In The Driver's Seat

Prancing Horse's revival points to the tightest racing in years

What should we read into Ferrari's upset victory in Melbourne that kicked off the dramatic new era of superfast Formula One, which new owner Liberty Media hopes will attract greater audiences and help a beleaguered sport recover its mojo?

For sure it was precisely the fillip that it needed after Mercedes' domination of the turbo-hybrid F1 era which began in 2014.

Just to remind you, of the 59 races held from 2014 to 2016, Mercedes won no fewer than 51, leaving Red Bull five and Ferrari just three.

Sebastian Vettel's success on Sunday confirmed everything that the red cars had shown in pre-season testing to be true, and there was nothing flukey about it. New Mercedes driver Valtteri Bottas said that the Ferraris were faster - well, Vettel's was being driven faster at any rate, even if Kimi Raikkonen's wasn't - and he was right, though it was close and the lap times evenly matched.

But does this mean that we can expect Ferrari to become the dominant party now? Has the baton been passed?

Not necessarily. Let's remember last year's race here, which Ferrari should also have won.

Mercedes' Lewis Hamilton (left) congratulating Sebastian Vettel after the Ferrari driver beat him by nearly 10 seconds.
Mercedes’ Lewis Hamilton (left) congratulating Sebastian Vettel after the Ferrari driver beat him by nearly 10 seconds. PHOTO: EUROPEAN PRESSPHOTO AGENCY

Make no mistake: Mercedes have a fight on their hands. But, with luck, this is going to be like 2008, when the initiative vacillated between Ferrari and McLaren throughout the year.

The difference in tyre strategies then between them and Mercedes clouded the issue and made definitive comparisons difficult, but Ferrari had been confident prior to the race stoppage following the huge accident that befell Fernando Alonso that they could win.

But they made a mistake and retained supersoft tyres at the restart, thus committing themselves to a second pit stop which handed the success to the Silver Arrows, who ran non-stop to the chequered flag.

The point is that, despite looking so strong in the opening race, Ferrari went on to have a miserable year.

Truly, I don't expect that to be the case in 2017, because the SF70H is clearly a very good car and much better than its predecessor. It has great aerodynamics, a much stronger engine, and handles extremely well.

Make no mistake: Mercedes have a fight on their hands. But, with luck, this is going to be like 2008, when the initiative vacillated between Ferrari and McLaren throughout the year.

That would be something this year, wouldn't it? Because that is the best hope for a spectacular year, rather than out-and-out exciting racing on track.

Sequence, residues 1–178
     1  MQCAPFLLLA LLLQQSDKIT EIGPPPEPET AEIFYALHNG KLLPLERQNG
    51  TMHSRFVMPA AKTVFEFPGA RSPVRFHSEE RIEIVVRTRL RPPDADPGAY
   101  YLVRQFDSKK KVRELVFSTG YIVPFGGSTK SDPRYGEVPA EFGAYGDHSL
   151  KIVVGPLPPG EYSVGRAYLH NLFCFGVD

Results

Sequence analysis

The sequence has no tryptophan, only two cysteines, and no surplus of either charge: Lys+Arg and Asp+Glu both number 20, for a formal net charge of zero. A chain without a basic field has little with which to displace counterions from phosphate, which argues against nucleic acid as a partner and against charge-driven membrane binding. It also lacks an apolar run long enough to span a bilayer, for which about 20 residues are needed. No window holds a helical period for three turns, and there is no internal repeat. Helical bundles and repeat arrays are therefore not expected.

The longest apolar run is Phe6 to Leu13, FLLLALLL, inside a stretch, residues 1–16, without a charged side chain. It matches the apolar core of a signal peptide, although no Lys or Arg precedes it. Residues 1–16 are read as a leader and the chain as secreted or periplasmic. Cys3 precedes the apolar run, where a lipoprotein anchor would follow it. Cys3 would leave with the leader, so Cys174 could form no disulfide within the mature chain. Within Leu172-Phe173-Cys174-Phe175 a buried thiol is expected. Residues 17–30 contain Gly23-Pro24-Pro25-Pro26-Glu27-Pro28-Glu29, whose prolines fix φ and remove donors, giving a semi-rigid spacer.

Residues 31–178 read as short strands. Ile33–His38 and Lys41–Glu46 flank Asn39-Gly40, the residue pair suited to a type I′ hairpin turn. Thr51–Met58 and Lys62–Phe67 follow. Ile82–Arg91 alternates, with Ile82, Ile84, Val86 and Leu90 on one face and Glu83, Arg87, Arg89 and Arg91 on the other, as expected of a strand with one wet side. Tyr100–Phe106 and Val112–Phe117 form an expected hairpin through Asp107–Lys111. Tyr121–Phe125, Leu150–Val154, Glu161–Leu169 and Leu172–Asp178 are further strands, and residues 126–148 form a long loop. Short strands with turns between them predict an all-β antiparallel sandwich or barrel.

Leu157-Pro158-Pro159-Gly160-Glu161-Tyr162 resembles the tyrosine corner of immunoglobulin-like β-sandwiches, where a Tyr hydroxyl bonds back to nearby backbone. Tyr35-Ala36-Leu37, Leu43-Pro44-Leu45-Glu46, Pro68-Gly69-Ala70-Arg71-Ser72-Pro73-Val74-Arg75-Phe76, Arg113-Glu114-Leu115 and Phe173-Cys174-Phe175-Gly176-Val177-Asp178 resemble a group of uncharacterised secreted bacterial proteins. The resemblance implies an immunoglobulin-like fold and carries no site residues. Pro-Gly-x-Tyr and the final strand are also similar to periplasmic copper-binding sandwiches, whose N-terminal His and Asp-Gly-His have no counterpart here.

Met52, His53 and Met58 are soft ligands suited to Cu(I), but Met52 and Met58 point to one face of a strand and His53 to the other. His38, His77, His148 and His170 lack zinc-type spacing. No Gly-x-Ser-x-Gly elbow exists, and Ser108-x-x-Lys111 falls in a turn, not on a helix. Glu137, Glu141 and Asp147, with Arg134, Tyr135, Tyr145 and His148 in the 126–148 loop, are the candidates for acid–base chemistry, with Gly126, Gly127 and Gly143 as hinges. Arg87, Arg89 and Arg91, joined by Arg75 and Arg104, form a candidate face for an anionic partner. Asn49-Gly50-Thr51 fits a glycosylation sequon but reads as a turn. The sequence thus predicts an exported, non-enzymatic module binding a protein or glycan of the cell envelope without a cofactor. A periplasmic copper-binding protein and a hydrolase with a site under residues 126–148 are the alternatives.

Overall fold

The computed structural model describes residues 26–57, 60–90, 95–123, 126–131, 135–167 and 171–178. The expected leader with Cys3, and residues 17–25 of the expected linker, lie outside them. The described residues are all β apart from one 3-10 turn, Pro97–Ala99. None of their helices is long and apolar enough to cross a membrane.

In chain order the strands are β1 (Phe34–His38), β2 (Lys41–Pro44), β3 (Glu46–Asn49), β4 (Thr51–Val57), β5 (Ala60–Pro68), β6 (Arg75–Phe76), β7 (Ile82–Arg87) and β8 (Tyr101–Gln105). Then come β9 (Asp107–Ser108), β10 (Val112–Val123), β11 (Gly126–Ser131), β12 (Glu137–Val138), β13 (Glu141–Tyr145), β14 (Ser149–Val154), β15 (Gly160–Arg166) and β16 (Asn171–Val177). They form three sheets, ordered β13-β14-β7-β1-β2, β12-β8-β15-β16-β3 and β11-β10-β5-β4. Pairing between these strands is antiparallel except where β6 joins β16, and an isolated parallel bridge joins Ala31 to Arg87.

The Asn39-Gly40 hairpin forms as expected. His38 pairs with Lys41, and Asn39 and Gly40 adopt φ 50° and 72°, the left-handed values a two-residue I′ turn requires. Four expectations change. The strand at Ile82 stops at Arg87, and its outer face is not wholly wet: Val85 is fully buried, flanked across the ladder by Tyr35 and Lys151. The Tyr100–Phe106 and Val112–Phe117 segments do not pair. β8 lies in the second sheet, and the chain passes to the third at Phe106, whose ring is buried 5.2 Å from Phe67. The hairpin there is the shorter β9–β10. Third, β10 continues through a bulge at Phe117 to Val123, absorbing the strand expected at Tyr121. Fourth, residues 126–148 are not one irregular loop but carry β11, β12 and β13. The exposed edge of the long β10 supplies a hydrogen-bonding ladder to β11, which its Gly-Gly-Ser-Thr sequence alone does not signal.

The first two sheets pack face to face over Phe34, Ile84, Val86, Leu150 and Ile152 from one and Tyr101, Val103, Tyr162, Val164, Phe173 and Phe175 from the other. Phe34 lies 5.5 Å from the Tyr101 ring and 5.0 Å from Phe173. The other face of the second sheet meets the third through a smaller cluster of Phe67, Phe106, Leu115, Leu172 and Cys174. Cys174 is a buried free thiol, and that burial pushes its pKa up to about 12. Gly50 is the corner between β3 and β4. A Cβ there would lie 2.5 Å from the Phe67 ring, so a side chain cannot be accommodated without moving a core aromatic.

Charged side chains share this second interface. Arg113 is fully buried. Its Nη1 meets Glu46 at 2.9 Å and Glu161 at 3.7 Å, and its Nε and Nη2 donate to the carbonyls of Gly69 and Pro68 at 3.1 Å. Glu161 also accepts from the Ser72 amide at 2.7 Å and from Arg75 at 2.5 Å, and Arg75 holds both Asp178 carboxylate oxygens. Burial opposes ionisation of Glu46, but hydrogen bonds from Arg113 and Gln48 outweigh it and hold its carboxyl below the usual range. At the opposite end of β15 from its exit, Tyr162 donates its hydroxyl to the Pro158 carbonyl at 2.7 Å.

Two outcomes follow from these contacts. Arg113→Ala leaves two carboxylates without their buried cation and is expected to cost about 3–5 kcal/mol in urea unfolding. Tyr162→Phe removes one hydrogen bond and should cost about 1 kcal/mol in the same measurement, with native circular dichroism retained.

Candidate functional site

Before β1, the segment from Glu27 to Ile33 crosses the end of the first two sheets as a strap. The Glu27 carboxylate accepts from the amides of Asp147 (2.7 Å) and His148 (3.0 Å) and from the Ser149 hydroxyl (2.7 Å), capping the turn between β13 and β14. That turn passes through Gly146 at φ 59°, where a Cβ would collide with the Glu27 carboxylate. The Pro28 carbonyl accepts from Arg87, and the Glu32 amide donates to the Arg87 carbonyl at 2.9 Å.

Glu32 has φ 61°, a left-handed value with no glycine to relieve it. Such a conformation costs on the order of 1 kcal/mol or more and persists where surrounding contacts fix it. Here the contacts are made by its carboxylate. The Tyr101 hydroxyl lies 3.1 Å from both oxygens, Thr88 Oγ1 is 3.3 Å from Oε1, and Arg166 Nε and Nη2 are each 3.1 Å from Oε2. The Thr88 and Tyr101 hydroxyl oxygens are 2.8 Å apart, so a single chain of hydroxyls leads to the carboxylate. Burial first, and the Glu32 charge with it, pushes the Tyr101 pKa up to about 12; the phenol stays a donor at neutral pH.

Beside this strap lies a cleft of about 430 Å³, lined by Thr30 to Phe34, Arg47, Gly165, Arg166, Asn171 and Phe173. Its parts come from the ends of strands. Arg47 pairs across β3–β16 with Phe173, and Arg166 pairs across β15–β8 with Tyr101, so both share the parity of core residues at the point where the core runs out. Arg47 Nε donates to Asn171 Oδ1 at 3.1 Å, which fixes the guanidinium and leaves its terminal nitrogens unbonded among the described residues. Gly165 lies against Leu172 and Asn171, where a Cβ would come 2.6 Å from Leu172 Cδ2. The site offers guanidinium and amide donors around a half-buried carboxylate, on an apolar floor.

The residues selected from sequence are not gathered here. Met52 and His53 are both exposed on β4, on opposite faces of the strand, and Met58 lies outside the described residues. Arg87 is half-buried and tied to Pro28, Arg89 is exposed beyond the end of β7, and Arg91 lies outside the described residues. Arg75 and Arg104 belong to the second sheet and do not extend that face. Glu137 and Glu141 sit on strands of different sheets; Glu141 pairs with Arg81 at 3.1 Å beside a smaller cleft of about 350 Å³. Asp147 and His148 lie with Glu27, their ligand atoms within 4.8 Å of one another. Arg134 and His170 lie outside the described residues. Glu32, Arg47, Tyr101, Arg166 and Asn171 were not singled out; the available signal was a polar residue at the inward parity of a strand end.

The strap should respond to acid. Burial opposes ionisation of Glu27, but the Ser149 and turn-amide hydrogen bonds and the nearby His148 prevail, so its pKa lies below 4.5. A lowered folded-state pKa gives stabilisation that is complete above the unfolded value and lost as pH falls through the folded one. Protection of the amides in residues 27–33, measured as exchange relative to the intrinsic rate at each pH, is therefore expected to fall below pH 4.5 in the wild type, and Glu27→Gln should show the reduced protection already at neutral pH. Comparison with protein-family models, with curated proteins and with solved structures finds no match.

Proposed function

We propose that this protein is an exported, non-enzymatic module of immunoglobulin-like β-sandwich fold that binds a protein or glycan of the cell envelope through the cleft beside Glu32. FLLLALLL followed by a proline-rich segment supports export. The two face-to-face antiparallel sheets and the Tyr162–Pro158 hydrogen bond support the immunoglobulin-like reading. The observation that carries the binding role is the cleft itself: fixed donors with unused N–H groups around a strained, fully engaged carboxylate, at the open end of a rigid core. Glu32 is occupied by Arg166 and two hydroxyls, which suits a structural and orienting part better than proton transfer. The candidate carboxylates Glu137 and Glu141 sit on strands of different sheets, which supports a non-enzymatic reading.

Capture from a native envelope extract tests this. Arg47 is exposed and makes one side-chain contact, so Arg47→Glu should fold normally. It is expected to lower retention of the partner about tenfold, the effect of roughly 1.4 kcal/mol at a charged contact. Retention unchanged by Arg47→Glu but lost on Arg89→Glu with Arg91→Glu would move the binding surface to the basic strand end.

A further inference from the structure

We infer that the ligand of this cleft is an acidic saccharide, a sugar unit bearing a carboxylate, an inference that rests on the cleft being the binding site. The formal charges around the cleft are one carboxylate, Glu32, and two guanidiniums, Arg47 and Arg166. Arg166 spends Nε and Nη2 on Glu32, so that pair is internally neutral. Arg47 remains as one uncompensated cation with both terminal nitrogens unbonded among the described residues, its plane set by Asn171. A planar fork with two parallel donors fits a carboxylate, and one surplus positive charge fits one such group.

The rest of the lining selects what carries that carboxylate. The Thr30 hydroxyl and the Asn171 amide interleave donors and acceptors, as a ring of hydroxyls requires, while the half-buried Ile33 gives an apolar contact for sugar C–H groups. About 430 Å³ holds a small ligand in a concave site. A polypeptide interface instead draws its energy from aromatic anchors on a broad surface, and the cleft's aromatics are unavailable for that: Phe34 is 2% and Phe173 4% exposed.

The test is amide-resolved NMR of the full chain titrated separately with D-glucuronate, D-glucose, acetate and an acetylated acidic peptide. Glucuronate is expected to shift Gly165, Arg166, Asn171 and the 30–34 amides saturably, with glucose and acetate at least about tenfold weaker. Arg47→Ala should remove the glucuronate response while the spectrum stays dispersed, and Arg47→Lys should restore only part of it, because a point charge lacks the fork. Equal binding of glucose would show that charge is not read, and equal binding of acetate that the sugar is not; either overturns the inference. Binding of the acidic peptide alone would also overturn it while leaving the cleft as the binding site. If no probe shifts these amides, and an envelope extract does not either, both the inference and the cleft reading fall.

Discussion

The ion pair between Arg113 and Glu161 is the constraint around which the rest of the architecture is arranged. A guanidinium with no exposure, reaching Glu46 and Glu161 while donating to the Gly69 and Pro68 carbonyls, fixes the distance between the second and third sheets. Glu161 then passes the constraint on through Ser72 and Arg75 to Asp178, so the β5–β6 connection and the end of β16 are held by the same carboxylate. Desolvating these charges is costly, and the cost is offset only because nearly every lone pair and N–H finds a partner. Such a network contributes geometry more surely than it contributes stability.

Sure, the battle for 10th between the brilliant Alonso, the emergent Esteban Ocon and the very-quick Nico Hulkenberg was a highlight on Sunday afternoon, but up front the racing was dull.

After Lap 18, the first five positions barely changed. As expected, the combination of the wider, grippier tyres and the huge increase in downforce combined to bring about an effective reduction in usable track width and a dramatic decrease in braking distances.

But it's not all bad news. Vettel was not alone in raving about how much fun the cars are to drive, and they do look good as they get thrown around.

"Ah, you could push much harder," the race winner said. "Usually the first couple of laps you were pushing last year and then the tyres were dropping off.

"Now the tyres are still dropping off a bit, but you can keep pushing. You can keep braking at the same point. The car is screaming, 'More, more, more!'

"Also, at the end with the harder tyres there is hardly any degradation, so it's really good fun, especially in the fast corners. You could keep going forever, it was a great race, and I enjoyed it a lot."

And seventh-placed Sergio Perez added, after his great battle with the Toro Rossos of Daniil Kyvat and Carlos Sainz: "Driving these cars is so much fun - you can push a lot harder than in the past and I was doing my fastest laps towards the end of the race."

So the verdict is in: The new formula is, thus far, a partial success. The cars might not yet be five seconds a lap faster, as predicted, but Albert Park isn't the greatest venue to judge outright speed with its stop-start nature. And they might not race wheel to wheel.

But they certainly do look pretty and they certainly do look spectacular, and they bite, as Jolyon Palmer and Daniel Ricciardo discovered to their cost.

It's early days yet, but the signs are encouraging, and hopefully we'll see a further upswing in a fortnight's time on the faster sweeps of the Shanghai International Circuit at the Chinese Grand Prix.

•Tickets to the Singapore GP are available from www.singaporegp.sg, phone (6738-6738) and all Sistic outlets.

A version of this article appeared in the print edition of The Straits Times on March 28, 2017, with the headline 'Prancing Horse's revival points to the tightest racing in years'. Print Edition | Subscribe